How shipping is central to the very fabric of global capitalism
In our networked world, the realities governing the international movement of freight are easily forgotten. But maritime transport remains the bedrock of trade. Convoys perpetually crisscross the oceans, carrying gas, oil, ore - indeed, every type of consumable and commodity. These movements, though practically invisible, mean that control of the seas is vital in an age when no nation can survive on domestic products alone.
Professor and author Laleh Khalili travelled the Mediterranean, the Red Sea, and the Indian Ocean aboard gigantic container ships to investigate the secretive and sometimes dangerous world of maritime trade. What she discovered was strangely disturbing: brutally exploited seafarers enduring loneliness and risking injury to keep the cogs of trade turning. In the Arabian peninsula's ports, forbidden places encircled by barbed wire and moats of highways, the dockers struggle for benefits and political rights, as they have for generations. Environmental catastrophes threaten with increasing intensity and frequency. Around the oil-trading nations of the Middle East, a history of British colonialism, modern US imperialism, and local autocracies combine to worsen the conditions of modern seafarers, and piracy persists near the Horn of Africa.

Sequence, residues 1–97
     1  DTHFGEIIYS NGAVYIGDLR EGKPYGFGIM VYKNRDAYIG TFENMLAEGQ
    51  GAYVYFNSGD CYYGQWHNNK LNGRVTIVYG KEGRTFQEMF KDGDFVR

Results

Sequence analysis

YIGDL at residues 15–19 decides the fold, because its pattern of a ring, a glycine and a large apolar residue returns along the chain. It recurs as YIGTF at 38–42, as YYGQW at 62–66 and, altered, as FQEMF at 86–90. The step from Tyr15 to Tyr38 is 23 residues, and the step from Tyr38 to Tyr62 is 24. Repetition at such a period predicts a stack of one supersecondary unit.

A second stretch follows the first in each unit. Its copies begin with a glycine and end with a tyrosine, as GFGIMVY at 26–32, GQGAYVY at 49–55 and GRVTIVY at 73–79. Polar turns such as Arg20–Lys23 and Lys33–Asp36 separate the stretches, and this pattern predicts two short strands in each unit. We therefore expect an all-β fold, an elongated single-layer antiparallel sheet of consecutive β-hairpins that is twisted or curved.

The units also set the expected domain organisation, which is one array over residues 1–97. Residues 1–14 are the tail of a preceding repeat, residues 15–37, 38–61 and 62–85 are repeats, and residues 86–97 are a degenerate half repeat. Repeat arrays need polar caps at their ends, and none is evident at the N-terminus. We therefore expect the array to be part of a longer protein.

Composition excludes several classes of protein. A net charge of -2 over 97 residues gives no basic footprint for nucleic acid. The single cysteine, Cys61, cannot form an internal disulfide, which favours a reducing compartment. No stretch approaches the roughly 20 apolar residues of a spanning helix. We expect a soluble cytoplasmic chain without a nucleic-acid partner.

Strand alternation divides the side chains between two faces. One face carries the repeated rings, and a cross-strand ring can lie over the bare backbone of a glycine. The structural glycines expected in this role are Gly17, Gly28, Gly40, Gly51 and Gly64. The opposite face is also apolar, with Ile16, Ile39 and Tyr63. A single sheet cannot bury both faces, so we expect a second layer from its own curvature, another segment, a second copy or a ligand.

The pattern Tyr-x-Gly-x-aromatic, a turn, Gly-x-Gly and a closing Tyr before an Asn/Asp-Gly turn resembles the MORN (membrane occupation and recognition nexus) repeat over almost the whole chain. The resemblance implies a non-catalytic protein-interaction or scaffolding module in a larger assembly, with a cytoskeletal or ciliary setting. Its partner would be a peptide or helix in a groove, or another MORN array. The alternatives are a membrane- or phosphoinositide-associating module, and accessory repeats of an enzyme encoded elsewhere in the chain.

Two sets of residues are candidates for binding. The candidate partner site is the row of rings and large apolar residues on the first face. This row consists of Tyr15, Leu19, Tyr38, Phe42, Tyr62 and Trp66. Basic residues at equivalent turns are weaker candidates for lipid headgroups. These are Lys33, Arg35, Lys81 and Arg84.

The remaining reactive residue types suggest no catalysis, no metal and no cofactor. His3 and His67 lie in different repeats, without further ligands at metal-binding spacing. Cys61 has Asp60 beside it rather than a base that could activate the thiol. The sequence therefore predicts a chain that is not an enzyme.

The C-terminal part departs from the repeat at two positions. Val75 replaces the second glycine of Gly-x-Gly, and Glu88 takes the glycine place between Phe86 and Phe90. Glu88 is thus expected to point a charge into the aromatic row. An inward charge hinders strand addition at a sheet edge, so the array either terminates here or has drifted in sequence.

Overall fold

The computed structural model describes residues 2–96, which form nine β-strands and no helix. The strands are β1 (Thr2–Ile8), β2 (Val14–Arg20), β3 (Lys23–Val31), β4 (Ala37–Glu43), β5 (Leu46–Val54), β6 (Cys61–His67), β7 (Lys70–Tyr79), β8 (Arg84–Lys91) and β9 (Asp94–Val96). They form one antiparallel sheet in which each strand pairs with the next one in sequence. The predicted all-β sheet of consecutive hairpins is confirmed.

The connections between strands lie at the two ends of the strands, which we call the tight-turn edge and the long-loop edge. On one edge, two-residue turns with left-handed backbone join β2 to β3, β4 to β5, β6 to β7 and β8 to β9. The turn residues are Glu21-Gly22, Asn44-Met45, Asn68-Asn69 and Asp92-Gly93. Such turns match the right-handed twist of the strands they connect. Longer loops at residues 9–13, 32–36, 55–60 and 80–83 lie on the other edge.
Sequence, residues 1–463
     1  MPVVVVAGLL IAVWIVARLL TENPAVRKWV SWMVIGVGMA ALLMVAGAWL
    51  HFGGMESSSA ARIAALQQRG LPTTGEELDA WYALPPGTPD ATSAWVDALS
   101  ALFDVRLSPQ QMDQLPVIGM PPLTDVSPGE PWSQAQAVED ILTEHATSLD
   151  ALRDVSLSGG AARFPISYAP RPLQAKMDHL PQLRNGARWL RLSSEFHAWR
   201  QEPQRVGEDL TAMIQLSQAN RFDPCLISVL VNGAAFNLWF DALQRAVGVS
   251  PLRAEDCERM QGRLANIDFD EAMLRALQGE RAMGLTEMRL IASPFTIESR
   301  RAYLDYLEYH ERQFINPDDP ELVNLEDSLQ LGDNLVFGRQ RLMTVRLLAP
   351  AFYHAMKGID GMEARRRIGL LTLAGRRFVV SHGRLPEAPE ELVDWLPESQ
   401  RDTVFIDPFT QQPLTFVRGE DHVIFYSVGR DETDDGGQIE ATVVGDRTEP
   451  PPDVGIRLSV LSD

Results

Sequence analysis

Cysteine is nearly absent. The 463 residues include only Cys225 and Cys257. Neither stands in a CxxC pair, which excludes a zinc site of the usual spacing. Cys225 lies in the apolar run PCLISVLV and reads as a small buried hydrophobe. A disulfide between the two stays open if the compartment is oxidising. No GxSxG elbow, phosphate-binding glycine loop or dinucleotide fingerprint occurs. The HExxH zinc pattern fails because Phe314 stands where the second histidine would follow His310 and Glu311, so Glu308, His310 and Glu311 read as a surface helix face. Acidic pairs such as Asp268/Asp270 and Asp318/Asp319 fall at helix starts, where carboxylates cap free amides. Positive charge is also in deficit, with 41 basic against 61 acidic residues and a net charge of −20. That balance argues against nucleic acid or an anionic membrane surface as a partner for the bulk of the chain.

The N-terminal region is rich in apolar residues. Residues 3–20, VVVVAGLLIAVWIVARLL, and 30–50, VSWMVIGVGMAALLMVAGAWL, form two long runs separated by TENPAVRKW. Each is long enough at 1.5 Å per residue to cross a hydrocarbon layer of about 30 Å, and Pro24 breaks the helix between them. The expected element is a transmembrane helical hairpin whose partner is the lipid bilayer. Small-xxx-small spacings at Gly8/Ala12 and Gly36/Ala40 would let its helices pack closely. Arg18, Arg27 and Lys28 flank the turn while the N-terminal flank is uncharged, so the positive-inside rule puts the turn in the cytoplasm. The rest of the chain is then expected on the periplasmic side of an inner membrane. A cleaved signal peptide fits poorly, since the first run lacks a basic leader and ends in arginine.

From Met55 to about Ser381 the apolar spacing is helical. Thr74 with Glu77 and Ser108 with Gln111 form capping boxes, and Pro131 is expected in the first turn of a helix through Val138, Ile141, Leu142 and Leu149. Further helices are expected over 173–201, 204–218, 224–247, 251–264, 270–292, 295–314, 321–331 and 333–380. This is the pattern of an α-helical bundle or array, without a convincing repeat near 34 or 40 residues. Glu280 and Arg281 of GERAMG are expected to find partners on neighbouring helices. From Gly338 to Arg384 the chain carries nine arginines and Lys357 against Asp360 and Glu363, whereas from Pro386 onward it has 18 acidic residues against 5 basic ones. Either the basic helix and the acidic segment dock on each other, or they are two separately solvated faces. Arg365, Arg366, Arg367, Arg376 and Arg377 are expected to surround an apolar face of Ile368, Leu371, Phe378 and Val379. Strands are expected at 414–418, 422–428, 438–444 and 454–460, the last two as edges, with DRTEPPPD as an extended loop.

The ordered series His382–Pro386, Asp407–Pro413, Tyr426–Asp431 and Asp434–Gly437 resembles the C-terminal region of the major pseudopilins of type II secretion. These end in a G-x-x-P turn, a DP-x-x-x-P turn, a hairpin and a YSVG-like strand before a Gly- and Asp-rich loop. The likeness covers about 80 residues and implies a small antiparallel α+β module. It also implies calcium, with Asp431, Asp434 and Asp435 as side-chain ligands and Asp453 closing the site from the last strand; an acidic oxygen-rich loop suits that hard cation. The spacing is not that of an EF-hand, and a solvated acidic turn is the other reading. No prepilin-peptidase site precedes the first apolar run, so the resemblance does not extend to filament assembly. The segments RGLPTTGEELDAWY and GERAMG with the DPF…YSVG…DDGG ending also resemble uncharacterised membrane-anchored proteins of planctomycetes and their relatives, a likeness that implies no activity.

From her research riding the sea lanes and visiting the major Middle Eastern ports, Khalili has produced a book that exposes the frayed and tense sinews of modern capital, a physical network without which by product of our more abstracted webs and systems could operate.